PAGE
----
After filling our water tanks and disposing of our trash/recyclables in Bartlett Cove we head east in Icy Strait than south down to Chatham Strait to Pavlof Harbor. There is a perfect “bear beach” in the anchorage which didn’t disappoint, with two youngster bears (perhaps only recently sent packing by their mother) in the evening and then a sow with two cubs the next morning.
We continued south in Chatham Strait and as we approached Kasnyku Bay we saw lots of whale activity. Since we had seen so little activity up to this point, we stopped the engine for a short time and drifted while listening to the whale exhalations. Since whales are mostly below the water (barring the very exciting breaches), often times it is the auditory “viewing” of whales that is most enjoyable. The sound of exhalations easily carry a mile across the open water on a calm day. Just outside of Takatz Bay, our anchorage for the night, Marcia put a hook down and we trolled for salmon for an hour before going in. Lots of salmon jumping but not much biting.
The next morning, July 18, we continued down to Warm Springs Bay, and fished for halibut outside the entrance. Marcia lost some bait to a wily fish but nothing to the bait with the hook in it. We crossed to the east side of Chatham Strait to try fishing at Kingsmill Point but the wind had kicked up at this point and we elected to go in for the night. The anchorage was a new one to us in Security Bay on Kuiu Island.
Bright and early the next morning, we were out at Kingsmill trolling for salmon on the morning bite. It was pretty clear that the coho/silver salmon had not started their run yet as a couple of hours of trolling yielded only a feisty pink salmon. We called it quits and headed over to Gut Bay for the night.
The next morning the plan was to continue the fishing activities but when we popped out into Chatham we changed our plans. An offshore ridge was forming giving SE Alaska most sunny weather but as the ridge was building, the north winds were starting to build. Chatham Strait, which runs for 120 miles in a N-S direction (200 miles if you include Lynn Canal with which it connects), offers a perfect channel for the wind to run. We beat our way north to Red Bluff Bay. Turned out others had the same idea and we ended up in the outer bay rather than at the head.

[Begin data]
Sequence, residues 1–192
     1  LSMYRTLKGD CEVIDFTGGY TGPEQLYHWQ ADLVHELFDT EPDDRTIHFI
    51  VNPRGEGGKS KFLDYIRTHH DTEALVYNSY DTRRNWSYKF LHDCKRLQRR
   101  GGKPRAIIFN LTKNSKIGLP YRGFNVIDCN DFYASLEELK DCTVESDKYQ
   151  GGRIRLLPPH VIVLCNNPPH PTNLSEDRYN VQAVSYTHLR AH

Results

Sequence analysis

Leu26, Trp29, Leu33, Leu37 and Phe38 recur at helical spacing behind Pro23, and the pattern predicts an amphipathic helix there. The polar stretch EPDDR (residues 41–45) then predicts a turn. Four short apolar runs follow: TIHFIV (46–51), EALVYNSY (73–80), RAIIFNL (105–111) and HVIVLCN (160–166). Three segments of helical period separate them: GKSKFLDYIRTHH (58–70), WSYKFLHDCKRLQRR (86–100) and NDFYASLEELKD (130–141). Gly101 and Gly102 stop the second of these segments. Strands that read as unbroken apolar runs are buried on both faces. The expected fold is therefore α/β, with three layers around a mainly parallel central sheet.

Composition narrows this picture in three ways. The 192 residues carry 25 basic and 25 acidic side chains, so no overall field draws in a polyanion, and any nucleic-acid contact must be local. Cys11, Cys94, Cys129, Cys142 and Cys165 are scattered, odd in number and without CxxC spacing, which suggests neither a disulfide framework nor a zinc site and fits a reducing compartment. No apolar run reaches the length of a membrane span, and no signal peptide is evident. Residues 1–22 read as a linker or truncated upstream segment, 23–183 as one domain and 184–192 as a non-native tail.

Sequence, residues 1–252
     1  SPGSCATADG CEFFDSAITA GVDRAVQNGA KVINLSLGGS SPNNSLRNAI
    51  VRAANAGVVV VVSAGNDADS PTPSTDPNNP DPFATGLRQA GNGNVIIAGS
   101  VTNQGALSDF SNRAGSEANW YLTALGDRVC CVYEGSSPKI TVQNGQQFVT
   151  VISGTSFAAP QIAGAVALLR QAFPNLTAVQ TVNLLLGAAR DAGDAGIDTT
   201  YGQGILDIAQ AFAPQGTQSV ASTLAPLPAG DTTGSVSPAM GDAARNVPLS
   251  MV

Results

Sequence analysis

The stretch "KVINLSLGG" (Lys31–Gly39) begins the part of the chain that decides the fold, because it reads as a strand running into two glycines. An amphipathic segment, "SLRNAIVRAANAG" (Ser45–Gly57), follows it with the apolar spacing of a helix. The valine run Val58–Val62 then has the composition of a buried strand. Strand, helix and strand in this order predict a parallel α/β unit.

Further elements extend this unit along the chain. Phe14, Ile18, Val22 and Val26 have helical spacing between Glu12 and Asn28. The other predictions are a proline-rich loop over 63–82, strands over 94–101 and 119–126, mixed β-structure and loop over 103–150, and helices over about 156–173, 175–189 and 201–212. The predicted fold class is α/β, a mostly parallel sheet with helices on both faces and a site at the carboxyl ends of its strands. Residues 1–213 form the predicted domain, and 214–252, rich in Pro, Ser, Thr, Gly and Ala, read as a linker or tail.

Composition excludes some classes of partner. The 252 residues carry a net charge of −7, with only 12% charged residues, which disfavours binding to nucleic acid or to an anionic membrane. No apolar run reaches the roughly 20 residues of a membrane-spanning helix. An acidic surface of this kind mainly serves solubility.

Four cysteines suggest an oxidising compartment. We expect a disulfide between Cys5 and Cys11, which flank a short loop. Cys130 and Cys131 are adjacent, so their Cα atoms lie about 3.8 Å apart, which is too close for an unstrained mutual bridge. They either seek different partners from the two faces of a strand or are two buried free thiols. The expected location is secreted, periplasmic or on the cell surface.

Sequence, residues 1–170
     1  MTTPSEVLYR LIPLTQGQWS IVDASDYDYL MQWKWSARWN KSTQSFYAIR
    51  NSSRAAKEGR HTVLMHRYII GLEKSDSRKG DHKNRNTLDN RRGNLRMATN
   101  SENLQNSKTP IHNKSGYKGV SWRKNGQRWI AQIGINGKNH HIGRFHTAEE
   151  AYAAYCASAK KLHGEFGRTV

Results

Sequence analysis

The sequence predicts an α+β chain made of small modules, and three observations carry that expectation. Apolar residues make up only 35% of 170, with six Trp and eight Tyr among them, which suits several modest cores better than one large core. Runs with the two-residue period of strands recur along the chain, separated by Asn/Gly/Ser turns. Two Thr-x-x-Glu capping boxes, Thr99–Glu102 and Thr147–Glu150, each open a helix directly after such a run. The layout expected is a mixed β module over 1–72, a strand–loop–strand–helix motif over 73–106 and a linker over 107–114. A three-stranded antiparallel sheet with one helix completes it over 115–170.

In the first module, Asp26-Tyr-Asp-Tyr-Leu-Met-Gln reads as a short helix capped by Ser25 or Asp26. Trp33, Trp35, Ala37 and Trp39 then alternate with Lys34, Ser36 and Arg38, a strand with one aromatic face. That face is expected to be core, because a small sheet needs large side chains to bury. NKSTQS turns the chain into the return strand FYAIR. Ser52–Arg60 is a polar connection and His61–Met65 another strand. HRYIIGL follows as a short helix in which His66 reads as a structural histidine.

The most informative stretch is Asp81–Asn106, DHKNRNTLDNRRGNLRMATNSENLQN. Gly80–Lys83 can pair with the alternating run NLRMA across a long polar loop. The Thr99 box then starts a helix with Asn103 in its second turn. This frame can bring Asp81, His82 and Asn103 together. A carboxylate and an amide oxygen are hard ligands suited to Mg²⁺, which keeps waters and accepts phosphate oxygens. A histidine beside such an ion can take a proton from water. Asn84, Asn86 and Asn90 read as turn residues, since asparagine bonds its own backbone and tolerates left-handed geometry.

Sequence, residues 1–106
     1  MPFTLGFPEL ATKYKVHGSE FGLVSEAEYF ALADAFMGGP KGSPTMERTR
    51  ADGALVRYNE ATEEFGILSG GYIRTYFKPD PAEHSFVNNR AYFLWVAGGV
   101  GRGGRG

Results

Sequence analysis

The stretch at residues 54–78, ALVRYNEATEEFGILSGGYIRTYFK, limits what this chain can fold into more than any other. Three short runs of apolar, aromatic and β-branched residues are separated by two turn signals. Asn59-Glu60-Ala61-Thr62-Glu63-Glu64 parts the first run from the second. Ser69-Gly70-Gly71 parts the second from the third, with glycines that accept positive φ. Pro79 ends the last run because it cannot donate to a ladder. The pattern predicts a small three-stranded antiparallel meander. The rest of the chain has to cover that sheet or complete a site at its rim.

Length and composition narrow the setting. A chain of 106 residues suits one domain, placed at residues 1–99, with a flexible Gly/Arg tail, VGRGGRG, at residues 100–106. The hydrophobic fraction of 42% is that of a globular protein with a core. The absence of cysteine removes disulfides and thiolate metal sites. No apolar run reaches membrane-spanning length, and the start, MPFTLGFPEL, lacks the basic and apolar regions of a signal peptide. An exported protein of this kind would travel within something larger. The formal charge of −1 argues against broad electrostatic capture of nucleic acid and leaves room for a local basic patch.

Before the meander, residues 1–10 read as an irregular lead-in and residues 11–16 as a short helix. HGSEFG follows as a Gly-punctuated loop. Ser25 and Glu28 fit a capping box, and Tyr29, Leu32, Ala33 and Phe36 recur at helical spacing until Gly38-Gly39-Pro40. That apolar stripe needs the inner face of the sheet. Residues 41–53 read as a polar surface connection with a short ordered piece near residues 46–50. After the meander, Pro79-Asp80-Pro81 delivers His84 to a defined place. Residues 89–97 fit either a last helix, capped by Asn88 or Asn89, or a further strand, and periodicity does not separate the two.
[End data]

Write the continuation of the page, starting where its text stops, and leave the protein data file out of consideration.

The next morning, July 21, we beat our way across Chatham Strait to Frederick Sound where the winds were light and the seas calm and worked our way up towards Pybus Bay. We spent 3 nights in the area during which Marcia caught two nice size halibuts. We also watched some glorious sunsets and moon rises. Both the sun and moon had an orange cast but we heard nothing about what might have contributed to it.
Before we headed to Petersburg, We checked out a couple of anchorages we had not been to. The first was Hobart Bay and the second was Cleveland Passage. On Thursday, July 26, we docked in Petersburg at high slack when the currents are running less strong pass the docks.
After two nights in Petersburg, we caught the afternoon high tide through Wrangell Narrows and spent the night in St John Harbor on Zarembo Island, due south of the entrance to Wrangell Narrows. From here we headed first to Thom’s Place and then to Santa Anna Inlet, doing some prawning along the way.
All during the previous week or so, we were having stunningly clear skies, warm temperatures and calm winds. Most evenings were spent watching the sun go down from the flybridge and, this being Alaska, killing horse flies. But by this time, the forecasts were hinting of changes. On July 31, we made for Meyers Chuck (full size version of photo below), at the junction of Ernest Sound and Clarence Strait.
With an early start to catch the southbound ebb tide we arrived in Ketchikan on August 1 and will stay here a few days while some rain and high winds pass through.
Miles traveled this leg – 511.2; engine hours – 88.8
Total miles traveled – 2001.1; engine hours – 317.6